CHICAGO (CBS) -- Mayor Rahm Emanuel is planning changes that he hopes will extend the practice of recycling throughout the city.
"Recycling is the next frontier to make sure we're an environmentally conscious city, have the right type of quality of life for our residents and do it also in an cost-competitive and cost-conscious way," Mayor Emanuel said at a news conference Monday.
Part of the plan calls for managed competition, in which the city will enter into contracts with two different private firms to handle recycling. The city will be divided into six service areas – four of which will be served by those two firms, the other two of which will be served directly by the Department of Streets and Sanitation.
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The private firms – Waste Management and Midwest Metal Management – will begin collecting recyclables in September or October, according to the mayor's office.
Currently, the Blue Cart recycling program serves only a small fraction of the city's population – 244,000 homes, at a cost of $13.8 million for the city. Bids from prospective private collection firms have come in at about $6.6 million, for a savings of about 50 percent, the mayor's office said.
Emanuel said the current distribution of recycling services creates a system of "have and have-nots, a tale of two cities that's inconsistent with who we are on recycling."
Another 20,000 households will be added to the program next year, and it will eventually be implemented citywide, according to the mayor's office.
Streets and Sanitation employees who are now collecting recyclables will be reassigned within the department, the mayor's office said.
Emanuel said that move is in keeping with his campaign process of making government more efficient, in spite of the entrenched way of doing things.
"I will not let the city's future be held back or in a hammerlock," he said.
The recycling program has been trouble for the city for more than 20 years.
Back in 1989, demand mounted for a recycling program as the volume of garbage discarded by consumers grew and landfill space neared capacity. Then-Ald. Bernard Hansen (44th) called for a 100 percent recycling program within three years.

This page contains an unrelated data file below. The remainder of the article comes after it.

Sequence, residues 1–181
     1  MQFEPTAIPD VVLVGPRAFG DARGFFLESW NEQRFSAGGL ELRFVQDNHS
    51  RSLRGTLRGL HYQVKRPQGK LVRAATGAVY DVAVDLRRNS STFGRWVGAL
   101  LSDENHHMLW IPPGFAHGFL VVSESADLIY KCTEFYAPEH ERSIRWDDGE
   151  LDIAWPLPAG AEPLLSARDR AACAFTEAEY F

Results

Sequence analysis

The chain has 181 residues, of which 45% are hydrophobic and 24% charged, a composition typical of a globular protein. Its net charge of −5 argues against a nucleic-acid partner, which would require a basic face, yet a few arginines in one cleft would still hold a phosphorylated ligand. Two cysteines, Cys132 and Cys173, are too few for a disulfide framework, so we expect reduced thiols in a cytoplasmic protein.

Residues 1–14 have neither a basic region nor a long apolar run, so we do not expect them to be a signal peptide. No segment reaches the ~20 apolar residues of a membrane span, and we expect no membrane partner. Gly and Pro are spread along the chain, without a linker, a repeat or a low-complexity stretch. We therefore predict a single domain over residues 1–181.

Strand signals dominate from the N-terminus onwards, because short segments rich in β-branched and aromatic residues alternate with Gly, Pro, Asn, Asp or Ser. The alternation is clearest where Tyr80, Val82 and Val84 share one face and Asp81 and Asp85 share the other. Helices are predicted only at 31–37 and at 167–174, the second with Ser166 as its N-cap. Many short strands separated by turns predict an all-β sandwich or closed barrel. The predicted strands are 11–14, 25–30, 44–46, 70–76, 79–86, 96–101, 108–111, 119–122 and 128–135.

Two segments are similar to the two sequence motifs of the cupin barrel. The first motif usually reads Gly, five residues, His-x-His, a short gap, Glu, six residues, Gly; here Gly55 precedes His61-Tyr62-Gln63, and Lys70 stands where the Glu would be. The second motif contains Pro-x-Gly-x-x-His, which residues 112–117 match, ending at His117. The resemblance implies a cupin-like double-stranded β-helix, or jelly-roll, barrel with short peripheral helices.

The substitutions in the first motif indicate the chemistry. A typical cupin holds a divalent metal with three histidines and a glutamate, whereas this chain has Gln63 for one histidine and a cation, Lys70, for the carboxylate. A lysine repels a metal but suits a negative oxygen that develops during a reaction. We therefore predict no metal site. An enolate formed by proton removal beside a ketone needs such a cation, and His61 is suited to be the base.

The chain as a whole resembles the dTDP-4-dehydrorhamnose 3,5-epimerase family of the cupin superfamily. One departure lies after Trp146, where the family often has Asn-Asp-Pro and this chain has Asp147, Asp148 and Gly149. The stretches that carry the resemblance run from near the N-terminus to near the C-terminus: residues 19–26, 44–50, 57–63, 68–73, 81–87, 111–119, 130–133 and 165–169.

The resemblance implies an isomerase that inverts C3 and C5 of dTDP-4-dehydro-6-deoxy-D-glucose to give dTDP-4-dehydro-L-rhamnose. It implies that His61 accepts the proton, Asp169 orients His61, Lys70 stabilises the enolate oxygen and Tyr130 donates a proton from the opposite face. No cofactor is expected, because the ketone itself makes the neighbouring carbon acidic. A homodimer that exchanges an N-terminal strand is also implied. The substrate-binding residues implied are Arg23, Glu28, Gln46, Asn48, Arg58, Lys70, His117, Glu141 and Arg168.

Then in the fall of 1989, the Department of Streets and Sanitation began a pilot program for recycling in four city wards involving separate trucks to pick up glass, plastic and metal.
But the city decided the volume collected did not justify a citywide program of duplicate garbage service. Instead, it worked toward implementing the much-maligned Blue Bag program, which did not require separate vehicles, but instead only separate recyclable bags that would go in with regular garbage.
The Blue Bag program was implemented with much fanfare in 1995, and the city said it expected to recover more than 1 million tons of recyclable material each year with the program. But eight years later, thousands of tons of garbage were still pouring into landfills every day. And recyclables were sometimes ending up there too.
But there were also flaws in the system in which recyclables were collected, recycling advocates argued.
The same truck that picked up regular garbage also picked up the Blue Bags, compacting all of the refuse together. Those in turn were removed from their bags, placed on a conveyor belt and sorted – dirty diapers together with bottles and cans – yielding a much smaller percentage than hoped.
On its official Web site in 2002, the City of Chicago reported that over 256,000 households per week were putting out at least one Blue Bag for pickup.
Still, the city ultimately decided to phase out the Blue Bag program. Retired Mayor Richard M. Daley announced plans to do so in 2006, and two years later, the city announced the transition to the Blue Cart program.
But the problems didn't end there. Amid budget concerns last year, Mayor Daley had talked about privatizing or eliminating the city's recycling program altogether.
Meanwhile, Laborers Union Local 1001 lobbied for a $10 monthly fee for recycling pickups to subsidize the switch to current recycling, but no final action was taken on the issue before Mayor Daley left office this past May.
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